TENS units have been used for decades for the relief of pain. Many people use then for both acute (sudden) pains due to exercise as well as post-operative pain, or for chronic pains due to carpal tunnel, arthritis, tendonitis, sciatica, lower back pain and other pains.
TENS stands for Trans-cutaneous Electrical Nerve Stimulator. This simply means that an electrical signal is applied to the skin which stimulates nerves near the surface of the skin.
In general, you apply the conducting pads to the skin along the area of the pain. The electrical stimulation inhibits the transmission of pain signals to the brain, preventing you from feeling pain.
When you use a TENS unit you typically have control over a number of stimulation parameters. These typically include the pulse intensity, pulse frequency, pulse duration, and pulse shape. After you apply the conducting pads to your skin you can work the controls until the pain is reduced or eliminated.
The Cochrane Collaboration published a review of TENS unit effectiveness in 2010 entitled Transcutaneous electrical nerve stimulation (TENS) for chronic pain (Review). It indicates
“TENS is generally believed to be a safe non-invasive intervention which may produce significant analgesia in many patients with moderate predictable pain associated with a range of conditions . It is used in a variety of clinical settings to treat diverse acute and chronic pain conditions, and although clinical studies of its long-term efficacy have yielded variable results, it has become popular with both patients and health professionals of different disciplines, including physiotherapists, midwives, nurses and doctors.”
A March 1997 article in The Annals of Thoracic Surgery, Control of Postoperative Pain by Transcutaneous Electrical Nerve Stimulation After Thoracic Operations, found that “TENS is useful after thoracic surgical procedures only when postoperative pain is mild to moderate; it is uneffective for severe pain.”
How Does a TENS Unit Work?
Take a look at the “Pain & Injury Doctor” providing an overview of how to use a TENS device:
In this video, I demonstrate how to operate a typical TENS unit, and strategies for placing the electrodes to achieve maximum benefit.
A TENS unit (Trans-cutaneous Electrical Nerve Stimulator) is a small device about the size of a deck of cards that can be used for managing sub acute or chronic pain. It works by “interfering” with pain signals to the brain, by flooding the pain-generating tissues with small, electrical currents that are thought to “compete” with the pain signals traveling to the brain, resulting in reduced perception of pain. It does not do anything to cure the inured site.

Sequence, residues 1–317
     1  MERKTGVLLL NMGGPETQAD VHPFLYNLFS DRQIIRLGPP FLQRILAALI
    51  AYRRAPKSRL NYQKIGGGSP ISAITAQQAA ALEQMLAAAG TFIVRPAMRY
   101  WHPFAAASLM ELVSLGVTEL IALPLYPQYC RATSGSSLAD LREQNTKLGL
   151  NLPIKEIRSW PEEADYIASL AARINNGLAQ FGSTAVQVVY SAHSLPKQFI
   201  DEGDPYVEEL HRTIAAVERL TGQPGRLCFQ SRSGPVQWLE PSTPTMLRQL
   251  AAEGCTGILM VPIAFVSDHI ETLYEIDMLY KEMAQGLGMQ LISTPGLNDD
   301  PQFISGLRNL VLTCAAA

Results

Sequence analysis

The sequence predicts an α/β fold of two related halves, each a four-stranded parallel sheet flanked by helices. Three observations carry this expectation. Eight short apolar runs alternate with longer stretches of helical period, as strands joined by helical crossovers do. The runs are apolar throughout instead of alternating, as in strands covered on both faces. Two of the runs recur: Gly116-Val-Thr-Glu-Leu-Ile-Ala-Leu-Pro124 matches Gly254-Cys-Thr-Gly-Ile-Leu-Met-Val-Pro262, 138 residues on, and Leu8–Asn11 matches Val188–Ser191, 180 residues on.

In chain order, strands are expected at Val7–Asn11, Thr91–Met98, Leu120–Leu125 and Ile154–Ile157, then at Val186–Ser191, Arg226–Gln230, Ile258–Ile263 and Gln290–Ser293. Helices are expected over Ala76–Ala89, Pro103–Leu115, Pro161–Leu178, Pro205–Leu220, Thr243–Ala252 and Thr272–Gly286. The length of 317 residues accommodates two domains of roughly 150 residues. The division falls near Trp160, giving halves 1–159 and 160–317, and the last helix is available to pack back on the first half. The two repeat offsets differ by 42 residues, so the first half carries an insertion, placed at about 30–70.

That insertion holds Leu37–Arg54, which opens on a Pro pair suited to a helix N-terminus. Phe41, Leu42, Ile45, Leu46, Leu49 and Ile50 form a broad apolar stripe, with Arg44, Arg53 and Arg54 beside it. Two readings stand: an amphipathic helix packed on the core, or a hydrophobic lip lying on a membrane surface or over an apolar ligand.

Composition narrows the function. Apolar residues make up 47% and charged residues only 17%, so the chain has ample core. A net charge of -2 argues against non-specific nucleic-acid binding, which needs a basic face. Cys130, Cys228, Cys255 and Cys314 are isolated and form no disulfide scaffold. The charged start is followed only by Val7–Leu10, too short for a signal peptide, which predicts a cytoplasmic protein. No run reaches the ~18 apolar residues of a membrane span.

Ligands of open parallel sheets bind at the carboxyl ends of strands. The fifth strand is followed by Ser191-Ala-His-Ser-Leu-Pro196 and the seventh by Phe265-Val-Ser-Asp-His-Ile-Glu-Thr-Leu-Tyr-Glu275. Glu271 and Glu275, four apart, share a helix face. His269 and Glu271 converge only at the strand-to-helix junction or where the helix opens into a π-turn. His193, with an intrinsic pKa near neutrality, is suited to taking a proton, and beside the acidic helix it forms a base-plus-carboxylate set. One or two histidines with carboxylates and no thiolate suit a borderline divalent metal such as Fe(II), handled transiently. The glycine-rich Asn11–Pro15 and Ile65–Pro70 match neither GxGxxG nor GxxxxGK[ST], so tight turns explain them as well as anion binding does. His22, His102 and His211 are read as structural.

TENS units can be helpful by precluding the need for drugs that might be harmful to the user. It is also faster acting than ice and topical pain products.
Now, take a look at the TENS device in actual use for back pain relief:
About half the studies of TENS units for pain control have found they did not product statistically significant pain relief. One reason for this is that all the patients using the TENS device were given the same stimulation, which often was ineffective. It could not be varied until it was effective.
The best scientific studies are “double blind” studies in which neither the doctor/therapist nor the patient know the treatment the patient is receiving.
For example, the journal Pain reports on the study Efficacy of Electroacupuncture and TENS in the Rehabilitation of Chronic Low Back Pain Patients. In this study two TENS unit treatment types were used: one with a functioning battery and one with a dead battery. In both cases the intensity of the stimulation could not be felt by the patient.
When the assigned treatment was either TENS or TENS dead battery, the patients had the electrodes attached and were stimulated with a live battery. For both treatments, the intensity of stimulation was then reduced to the point that the patient could not feel the stimulation. At that point, the assigned battery (active or dead) was placed in the unit, and the unit was placed in a plastic case.
In other words, both TENS unit treatment protocols in this study used an intensity that could not be felt by the patients. So, in this study, it is not surprising that no significant difference was seen between the live battery and dead battery levels of pain relief.
Most studies are similar in that the treating levels cannot be adjusted by the patient until they produce results. This is probably why half the scientific studies are inconclusive.
TENS units are used by both professionals and by the general public to reduce the discomfort of both acute and chronic pain. They can be used in place of drugs that typically have potentially dangerous side effects.
We recommend the Tens 7000 2nd Edition with Accessories as seen in the videos on this page. It is effective and inexpensive and can be used at home whenever needed.